Derek Jesse John Kevin Bernie The Winning Run
NL Central Cardinals Cards Brewers Brew Crew Cardinals Cardinals
Cubs Harray Carays Cards* Cardinals* Brewers* Brewers
Brewers Brewtus Maximus Reds Reds Reds Cubs
Reds Better Dead than Red Cubs Cubbies Cubs Reds
Pirates Bucs Privates Pirates Pirates Pirates

 

St. Louis Cardinals

I feel like a broken record. This team just reloads. Unlike last year, I think they won the off-season by trading for Paul Goldschmidt. They have great players in the rest of their positions or a deep bench to platoon. Yadier Molina is a cyborg because getting into that crouch in your late 30’s is just crazy, or I’m just jealous. Hopefully Molina is wearing a bulletproof cup this year. Regardless, the Cardinals seem to have a range and depth that provides them an edge over the regressing Cubs and volatile Brewers teams.

Milwaukee Brewers

There’s a lot of hitting potential on this team and they will probably be in the top 5 for HRs by the end of the season. The Brewers outperformed expectations on pitching last year but I think it can be done again. Corey Knebel being hurt is manageable since the bullpen seems infinitely interchangeable.

Chicago Cubs

Yu Darvish was a bust last year. Maybe he’ll turn it around this year. Jon Lester is a #2 guy who’s turning into a #3. Cole Hamels, Kyle Hendricks, and Jose Quintana are all a step away from brilliance but it is a risky bet that this is the season they take that step. They’re dangerous on the other side of the ball but something isn’t gelling for them and it’s not likely to fix itself this year.

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Yasiel Puig brings his energy to the Reds, can he bring more wins? (Kareem Elgazzar/ Cincinnati.com)

Cincinnati Reds

While Yasiel Puig brings a whole lot of fun energy to southwest Ohio, the bigger story is the pitching rotation. Sonny Gray has mean stuff but the lights in New York were too bright. Alex Wood is an underrated pitcher who keeps his lineups in the game with a 3.29 ERA over six seasons. Puig bringing extra run support could mean good things by the Ohio River.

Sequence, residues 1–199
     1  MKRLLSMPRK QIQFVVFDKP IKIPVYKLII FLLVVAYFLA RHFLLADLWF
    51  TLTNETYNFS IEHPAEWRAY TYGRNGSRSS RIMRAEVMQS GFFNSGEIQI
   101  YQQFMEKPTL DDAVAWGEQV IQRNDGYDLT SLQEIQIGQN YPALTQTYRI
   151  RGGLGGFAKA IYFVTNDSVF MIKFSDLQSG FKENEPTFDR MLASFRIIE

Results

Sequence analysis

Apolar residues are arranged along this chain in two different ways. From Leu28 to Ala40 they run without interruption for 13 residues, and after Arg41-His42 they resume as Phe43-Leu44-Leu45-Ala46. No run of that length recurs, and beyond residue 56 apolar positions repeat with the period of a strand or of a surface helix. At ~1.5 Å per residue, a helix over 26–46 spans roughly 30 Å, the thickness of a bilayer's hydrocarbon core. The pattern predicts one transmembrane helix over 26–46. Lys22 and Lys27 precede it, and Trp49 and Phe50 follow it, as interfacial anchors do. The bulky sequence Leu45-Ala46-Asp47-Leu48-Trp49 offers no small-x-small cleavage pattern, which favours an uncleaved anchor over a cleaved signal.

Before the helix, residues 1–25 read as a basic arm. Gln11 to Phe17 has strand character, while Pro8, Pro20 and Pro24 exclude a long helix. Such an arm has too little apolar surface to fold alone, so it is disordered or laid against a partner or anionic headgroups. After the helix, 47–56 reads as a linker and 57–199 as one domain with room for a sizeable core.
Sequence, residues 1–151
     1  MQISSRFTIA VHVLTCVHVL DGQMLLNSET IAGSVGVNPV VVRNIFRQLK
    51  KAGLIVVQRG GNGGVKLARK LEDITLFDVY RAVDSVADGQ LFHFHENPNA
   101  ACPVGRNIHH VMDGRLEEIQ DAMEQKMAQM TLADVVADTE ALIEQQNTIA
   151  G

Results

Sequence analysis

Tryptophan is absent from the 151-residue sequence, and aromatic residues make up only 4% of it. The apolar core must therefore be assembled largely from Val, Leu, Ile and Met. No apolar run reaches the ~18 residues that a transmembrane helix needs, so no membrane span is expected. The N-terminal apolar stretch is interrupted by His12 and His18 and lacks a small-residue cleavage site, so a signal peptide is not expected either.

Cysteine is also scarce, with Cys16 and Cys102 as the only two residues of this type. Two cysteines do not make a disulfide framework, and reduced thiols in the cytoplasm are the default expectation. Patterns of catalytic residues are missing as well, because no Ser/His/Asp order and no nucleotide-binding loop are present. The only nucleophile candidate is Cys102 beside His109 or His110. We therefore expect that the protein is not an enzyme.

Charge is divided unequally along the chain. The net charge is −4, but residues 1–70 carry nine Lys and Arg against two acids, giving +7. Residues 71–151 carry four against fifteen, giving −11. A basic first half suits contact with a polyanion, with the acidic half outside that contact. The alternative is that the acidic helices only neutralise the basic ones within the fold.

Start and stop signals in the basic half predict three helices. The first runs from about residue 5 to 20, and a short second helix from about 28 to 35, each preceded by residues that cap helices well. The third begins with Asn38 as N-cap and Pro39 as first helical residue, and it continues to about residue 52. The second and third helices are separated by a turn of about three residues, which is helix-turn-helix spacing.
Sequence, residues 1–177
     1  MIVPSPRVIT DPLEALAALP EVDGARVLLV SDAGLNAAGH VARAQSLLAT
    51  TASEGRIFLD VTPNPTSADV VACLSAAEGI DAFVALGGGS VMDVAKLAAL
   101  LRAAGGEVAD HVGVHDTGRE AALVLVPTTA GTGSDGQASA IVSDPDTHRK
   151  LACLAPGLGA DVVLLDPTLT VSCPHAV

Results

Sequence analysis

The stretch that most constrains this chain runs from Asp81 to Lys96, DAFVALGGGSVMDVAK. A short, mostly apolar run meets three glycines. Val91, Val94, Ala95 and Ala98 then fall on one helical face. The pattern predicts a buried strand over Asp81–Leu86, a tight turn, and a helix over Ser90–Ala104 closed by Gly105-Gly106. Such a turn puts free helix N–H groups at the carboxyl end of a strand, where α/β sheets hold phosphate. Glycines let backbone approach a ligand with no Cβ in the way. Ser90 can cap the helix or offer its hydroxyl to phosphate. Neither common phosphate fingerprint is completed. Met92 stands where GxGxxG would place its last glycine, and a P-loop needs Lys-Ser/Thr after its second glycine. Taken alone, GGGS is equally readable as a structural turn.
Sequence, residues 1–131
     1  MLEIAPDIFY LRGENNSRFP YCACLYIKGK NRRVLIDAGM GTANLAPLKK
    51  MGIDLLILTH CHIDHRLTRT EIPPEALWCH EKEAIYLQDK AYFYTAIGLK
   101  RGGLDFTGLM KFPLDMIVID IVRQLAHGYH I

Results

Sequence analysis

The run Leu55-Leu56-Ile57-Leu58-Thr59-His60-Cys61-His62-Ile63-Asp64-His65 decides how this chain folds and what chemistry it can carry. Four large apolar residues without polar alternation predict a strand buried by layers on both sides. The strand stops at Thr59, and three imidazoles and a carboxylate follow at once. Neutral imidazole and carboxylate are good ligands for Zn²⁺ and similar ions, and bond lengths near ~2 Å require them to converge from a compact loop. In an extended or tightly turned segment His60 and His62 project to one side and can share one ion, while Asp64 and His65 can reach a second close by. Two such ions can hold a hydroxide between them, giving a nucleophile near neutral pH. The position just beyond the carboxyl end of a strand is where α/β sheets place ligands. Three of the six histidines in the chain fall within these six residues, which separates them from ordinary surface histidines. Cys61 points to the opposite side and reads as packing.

Pittsburgh Pirates

The NL Central may be the polar opposite of the AL Central in competitiveness. But that doesn’t mean Pittsburgh is fielding a team that’s contributing to that image.

Derek Jesse John Kevin Bernie The Winning Run
NL West Dodgers Coors Dem Bums Dodgers Rockies Dodgers
Rockies* The Choking Kershaws* Rockies Rockies Dodgers Rockies
Padres Sneks Padres Padres Diamondbacks Padres
Diamondbacks Padres Giants D-backs Padres Diamondbacks
Giants Goliaths Diamondbacks Giants Giants Giants

 

Los Angeles Dodgers

The Dodgers have won the division every season since 2013. It doesn’t seem likely to change but they didn’t do a lot in the off-season. The biggest move was to sign A.J. Pollock to a five-year deal to replace Yasiel Puig and Matt Kemp. Much like the Red Sox, this doesn’t portend well. However, it’s hard to argue that the rest of the NL West made the sort of moves that would make them legitimate challengers to that crown.

Colorado Rockies

Nolan Arenado got a big contract and remains one of the most exciting players in the Majors. The departure of DJ LeMahieu was softened by signing Daniel Murphy. So they have the firepower to run up scores on their opponents, but playing in Denver is simply a difficult balance for pitching. Jon Gray seems to be one of the few pitchers that’s unfazed pitching at home or away from that elevation. It’s just hard to develop a rotation and bullpen around that. Especially when you let a guy like Adam Ottavino go to the Yankees.

San Diego Padres

Seriously? How did this happen? Oh yeah, the Diamondbacks sold the house. Hey look Manny Machado.

Machado.jpeg
How long until the Padres are relevant again? Ralph (Freso/ Getty Images)

Arizona Diamondbacks

They sold the house. Zack Greinke cannot be happy that his departure from the Dodgers has left him with the team he has now. Goldschmidt is in St. Louis and Steven Souza Jr. went down with a terrible knee injury and is gone for the season. Can Jake Lamb stay healthy and will Adam Jones find a new home in the desert. They have a good rotation so if the hitting is good, they’re a dangerous team to play spoiler.

San Francisco Giants

How the mighty have fallen. Let’s not forget that the Giants have won three of the last ten World Series titles. But really, that’s all that’s going for them right now. One last trip around the Majors for Bruce Bochy.

Wild Card

Derek Jesse John Kevin Bernie Winning Run
AL Wild Card Red Sox Bandwagoners Red Sux Red Sux Tea Partiers Red Sox
Athletics White Elephants Indians Rays Astros Athletics